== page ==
I'm a little late, but was drawn in by your question and wanted to help. I've given some general wisdom on how to use the materials I recommended but rest assured there IS a list at the end of this answer.
The most important thing in choosing curriculum is, you're right, determining where YOUR individual child is at with regard to developmental stages and learning. If your child is four or younger, I'd make a big push to not only think of literacy as "reading books," but also storytelling, fun with letter recognition, and discussion activities about storybooks for extended play and comprehension. The latter I would recommend at ANY age—bring the reading beyond the book!
I have a magnificent Fostering Literacy in Early Childhood professor, who taught me the wonderful tool of going on a "picture walk." This is used with storybooks, in which before reading, you and the child leaf through the book and try to use the pictures to predict the story, before going back and reading. Believe it or not, this is a part of literacy! Understanding story and its structure is just as important as learning to recognize individual letters and words alone.
After reading, try Googling "story stretchers" and the title of your book, and you should be able to find fun activities to bring reading comprehension into other curriculum areas. Wherever possible, keep story-stretchers open-ended and focused on the process, rather than producing a perfect, say, watercolor painting or self-made audiobook!
The good thing about determining the stage your child is in is that you have room for trial and error. Experiment without overreaching, and do not place an emphasis on perceived "failure"—picking the wrong curriculum tonight just means you two muddle through it together with a good, collaborative attitude, and scoot back to a slightly earlier level next time! This seems like as good a place to say it as any, and it needs to be said: kudos to you for undertaking the work of homeschooling.
Here are some materials I personally like for early readers:
Highlights Magazine. Designed for kids (and something I was personally raised on), Highlights contains material for readers of various levels, all in the same spot. Each issue has at least one story written with pictures filling in for some difficult-to-recognize words, and at the same time has Ask Arizona columns I personally enjoyed reading all the way through middle school.
For barely-emerging readers, for example, a child just beginning to recognize letters and string them into words: consider continuing open use of letters during play, and prioritizing tasks the child chooses over pushing what looks to an adult strictly like "reading" and "writing." Children learn through play, and need to be allowed to explore! For example, my preschoolers (students) loved when they had the opportunity to simply build with letter-shaped blocks for their dinosaurs to play on, and that bolstered their love of slowly learning, completely without a teacher's prompting, to write letters on paper and whiteboards.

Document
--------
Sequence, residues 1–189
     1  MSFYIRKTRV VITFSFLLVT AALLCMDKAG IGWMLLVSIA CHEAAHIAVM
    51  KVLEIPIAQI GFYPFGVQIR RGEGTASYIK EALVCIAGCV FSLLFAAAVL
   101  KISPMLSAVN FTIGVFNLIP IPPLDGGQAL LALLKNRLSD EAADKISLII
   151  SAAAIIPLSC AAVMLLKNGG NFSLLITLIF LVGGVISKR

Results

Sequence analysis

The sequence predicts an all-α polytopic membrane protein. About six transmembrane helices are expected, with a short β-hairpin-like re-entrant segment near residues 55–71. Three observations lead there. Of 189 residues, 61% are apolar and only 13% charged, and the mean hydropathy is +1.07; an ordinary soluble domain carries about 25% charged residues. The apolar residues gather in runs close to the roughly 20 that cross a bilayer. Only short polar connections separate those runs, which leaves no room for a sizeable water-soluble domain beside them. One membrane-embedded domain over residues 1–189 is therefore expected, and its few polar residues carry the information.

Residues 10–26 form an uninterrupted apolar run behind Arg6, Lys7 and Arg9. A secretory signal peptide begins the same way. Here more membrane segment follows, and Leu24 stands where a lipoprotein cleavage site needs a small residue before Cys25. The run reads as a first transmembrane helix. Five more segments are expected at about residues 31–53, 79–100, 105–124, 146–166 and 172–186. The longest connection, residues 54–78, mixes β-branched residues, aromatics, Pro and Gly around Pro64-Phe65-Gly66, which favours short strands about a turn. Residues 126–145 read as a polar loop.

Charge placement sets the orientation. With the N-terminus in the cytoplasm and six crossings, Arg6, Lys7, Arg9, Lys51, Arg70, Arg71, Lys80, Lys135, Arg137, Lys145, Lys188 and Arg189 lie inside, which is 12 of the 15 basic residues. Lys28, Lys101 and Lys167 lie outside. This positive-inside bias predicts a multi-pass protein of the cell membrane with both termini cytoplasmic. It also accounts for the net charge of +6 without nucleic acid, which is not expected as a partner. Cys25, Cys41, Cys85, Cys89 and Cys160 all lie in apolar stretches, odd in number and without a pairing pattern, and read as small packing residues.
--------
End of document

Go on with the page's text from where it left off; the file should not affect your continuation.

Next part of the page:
This is a great stage at which to read together, and make sure the child can look over your shoulder! If they show an interest in the letters in picture books, feel free to run your finger along them as you read. If they don't, don't worry about it. They're still learning literacy skills simply by watching you turn pages in a book, and learning about story structure.
Picture books about subjects your child enjoys. I apologize for not being able to get more specific than this, but if you have any interest areas, I can seek out some specific books whose use of language and story structure I personally like for early readers. It's helpful when picture books are grounded in your child's experience, and about things meaningful to them—which NEVER means they can't be about other cultures, or fantastical imagination. It means that a child may relate more to a fantasy book involving relatable childhood fears or enormous fantasy-bugs than one about going on a quest for money, for example, which isn't a part of the child's daily life.
The Frog and Toad series. If your child is ready to start chapter books, or if you are ready to read them together at bedtime, these are an absolutely delightful place to start. They're also great for reading along to or with your child, tracing the text with your finger as you read aloud.